For the second time in the past 15 years, people are talking about banks that are “too big to fail.” It happened in 2008 during that year’s banking crisis, and it’s happening again in 2023 with another banking crisis.
This year’s version started with the recent collapses of Silicon Valley Bank and Signature Bank and has continued through massive problems facing First Republic Bank, Credit Suisse and others. These events have renewed conversations about the safest places to keep your money.
Conventional wisdom holds that big banks are the safest because the U.S. government will step in to save them before they can collapse. That’s what happened in 2008, when the U.S. Treasury poured hundreds of billions of dollars into purchasing failing bank assets.
The biggest chunks of money — at least $10 billion each — went to big banks such as Wells Fargo, Bank of America, Citigroup, JPMorgan Chase, Morgan Stanley and Goldman Sachs. The reasoning then was that letting big banks fail would expose too many depositors, investors and businesses to financial losses. Not only that, but letting them fail would create panic or financial instability because so many big banks are connected to other financial institutions, Axios reported.
That same reasoning seems to apply today — at least judging by recent trends. As Bloomberg reported, the failure of SVB and other banks has led to a rush of depositors moving billions of dollars to JPMorgan Chase, BofA, Citigroup and Wells Fargo.
“The top six banks in the U.S. are and have been too big to fail [and] the financial crisis over 10 years ago demonstrated that,” Michael Imerman, an assistant professor at the University of California Irvine’s business school, told Bloomberg. “So it’s safer to go with a name with higher degree of certainty.”
Big Banks Not Necessarily Safer Than Smaller Institutions, Credit Unions
But for most customers, big banks are not necessarily any “safer” than other federally insured financial institutions. This is mainly because most bank deposits are protected by the Federal Deposit Insurance Corporation (FDIC), which insures up to $250,000 per depositor (joint accounts are insured up to $500,000). Similar protections are available at credit unions, where the National Credit Union Share Insurance Fund (NCUSIF) insures up to $250,000 per depositor.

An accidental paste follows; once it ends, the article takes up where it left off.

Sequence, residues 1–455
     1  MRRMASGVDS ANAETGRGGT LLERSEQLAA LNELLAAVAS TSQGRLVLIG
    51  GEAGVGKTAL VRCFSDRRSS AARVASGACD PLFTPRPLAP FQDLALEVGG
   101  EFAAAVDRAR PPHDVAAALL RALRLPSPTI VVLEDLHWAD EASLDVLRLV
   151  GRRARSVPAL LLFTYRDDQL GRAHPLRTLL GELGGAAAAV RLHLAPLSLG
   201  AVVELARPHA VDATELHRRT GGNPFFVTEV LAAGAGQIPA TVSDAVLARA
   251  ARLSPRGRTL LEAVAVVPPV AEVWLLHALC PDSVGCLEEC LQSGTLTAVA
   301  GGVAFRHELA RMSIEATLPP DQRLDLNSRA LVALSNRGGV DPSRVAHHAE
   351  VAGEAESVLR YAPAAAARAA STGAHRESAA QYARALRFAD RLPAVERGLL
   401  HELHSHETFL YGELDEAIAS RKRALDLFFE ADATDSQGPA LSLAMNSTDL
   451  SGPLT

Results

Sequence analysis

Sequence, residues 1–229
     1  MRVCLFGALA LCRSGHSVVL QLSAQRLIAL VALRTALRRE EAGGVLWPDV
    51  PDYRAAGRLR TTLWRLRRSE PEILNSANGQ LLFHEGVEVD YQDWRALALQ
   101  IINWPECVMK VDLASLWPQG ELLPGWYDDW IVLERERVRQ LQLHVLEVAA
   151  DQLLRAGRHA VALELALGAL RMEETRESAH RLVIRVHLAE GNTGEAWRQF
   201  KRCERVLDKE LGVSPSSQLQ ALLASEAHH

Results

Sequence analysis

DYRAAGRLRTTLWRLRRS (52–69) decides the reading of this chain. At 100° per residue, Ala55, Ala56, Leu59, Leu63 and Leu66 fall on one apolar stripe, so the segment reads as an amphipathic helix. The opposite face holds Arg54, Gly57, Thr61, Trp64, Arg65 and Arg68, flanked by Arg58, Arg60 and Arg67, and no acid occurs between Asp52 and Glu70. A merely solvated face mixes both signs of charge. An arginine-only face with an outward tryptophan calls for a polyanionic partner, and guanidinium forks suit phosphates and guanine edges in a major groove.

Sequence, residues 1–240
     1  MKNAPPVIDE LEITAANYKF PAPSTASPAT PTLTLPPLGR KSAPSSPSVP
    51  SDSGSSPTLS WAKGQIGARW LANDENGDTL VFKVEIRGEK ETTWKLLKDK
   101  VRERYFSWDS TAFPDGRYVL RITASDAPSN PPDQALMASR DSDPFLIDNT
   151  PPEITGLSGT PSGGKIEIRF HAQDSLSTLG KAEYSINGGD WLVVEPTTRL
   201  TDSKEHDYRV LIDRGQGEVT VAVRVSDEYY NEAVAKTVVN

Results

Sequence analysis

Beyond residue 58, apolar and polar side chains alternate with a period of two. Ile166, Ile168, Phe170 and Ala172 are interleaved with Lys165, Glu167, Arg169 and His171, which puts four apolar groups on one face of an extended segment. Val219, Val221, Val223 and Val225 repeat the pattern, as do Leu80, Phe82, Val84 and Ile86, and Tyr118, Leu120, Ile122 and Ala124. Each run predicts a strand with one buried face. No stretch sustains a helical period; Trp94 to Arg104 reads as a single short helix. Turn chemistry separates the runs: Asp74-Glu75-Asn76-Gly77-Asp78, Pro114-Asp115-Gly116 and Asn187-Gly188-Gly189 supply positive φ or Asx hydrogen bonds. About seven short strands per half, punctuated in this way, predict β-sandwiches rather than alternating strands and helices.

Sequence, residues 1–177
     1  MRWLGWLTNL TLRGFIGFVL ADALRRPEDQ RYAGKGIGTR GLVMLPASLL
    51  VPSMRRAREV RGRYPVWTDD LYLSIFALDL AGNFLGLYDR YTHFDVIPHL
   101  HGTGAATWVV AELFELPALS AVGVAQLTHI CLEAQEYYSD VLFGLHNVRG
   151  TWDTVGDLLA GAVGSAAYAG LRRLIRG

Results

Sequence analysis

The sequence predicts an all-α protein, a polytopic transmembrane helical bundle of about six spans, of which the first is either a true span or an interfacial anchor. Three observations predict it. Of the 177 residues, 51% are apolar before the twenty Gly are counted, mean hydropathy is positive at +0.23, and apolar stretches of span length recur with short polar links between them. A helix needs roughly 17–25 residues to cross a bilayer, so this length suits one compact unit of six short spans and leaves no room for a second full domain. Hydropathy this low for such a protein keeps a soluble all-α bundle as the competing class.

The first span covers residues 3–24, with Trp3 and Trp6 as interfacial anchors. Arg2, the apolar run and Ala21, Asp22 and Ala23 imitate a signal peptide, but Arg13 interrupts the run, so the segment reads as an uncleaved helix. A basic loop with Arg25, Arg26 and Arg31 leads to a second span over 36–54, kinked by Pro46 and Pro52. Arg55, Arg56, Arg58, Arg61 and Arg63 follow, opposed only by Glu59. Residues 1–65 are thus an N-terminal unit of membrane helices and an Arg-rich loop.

Since the vast majority of Americans don’t have anywhere near $250,000 in their accounts, their money is safe in any FDIC-insured bank or NCUSIF-insured credit union. Even if a financial institution fails, the FDIC or NCUSIF will make sure you get your money. That’s what happened as SVB, which was taken over by the FDIC following its collapse.
“Every American should know that their accounts are safe and their deposits are protected,” Jeff Sigmund, a spokesperson for the American Bankers Association, told USA Today. “Our industry will work with the administration, regulators, and Congress to further bolster that trust.”
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Things get trickier for bank customers with more than $250,000 in their accounts, although the FDIC has taken steps in the past to insure accounts beyond that amount. The $250,000 figure is the minimum that can be insured, but not necessarily the maximum.
Even so, bank customers with more than $250,000 to put into bank accounts are advised to take extra steps to protect their money. For example, you could spread it around between different financial institutions. Or, you could reroute some of your funds into the Certificate of Deposit Account Registry Service (CDARS), which represents a network of banks that insure millions for CD savers, Forbes reported.
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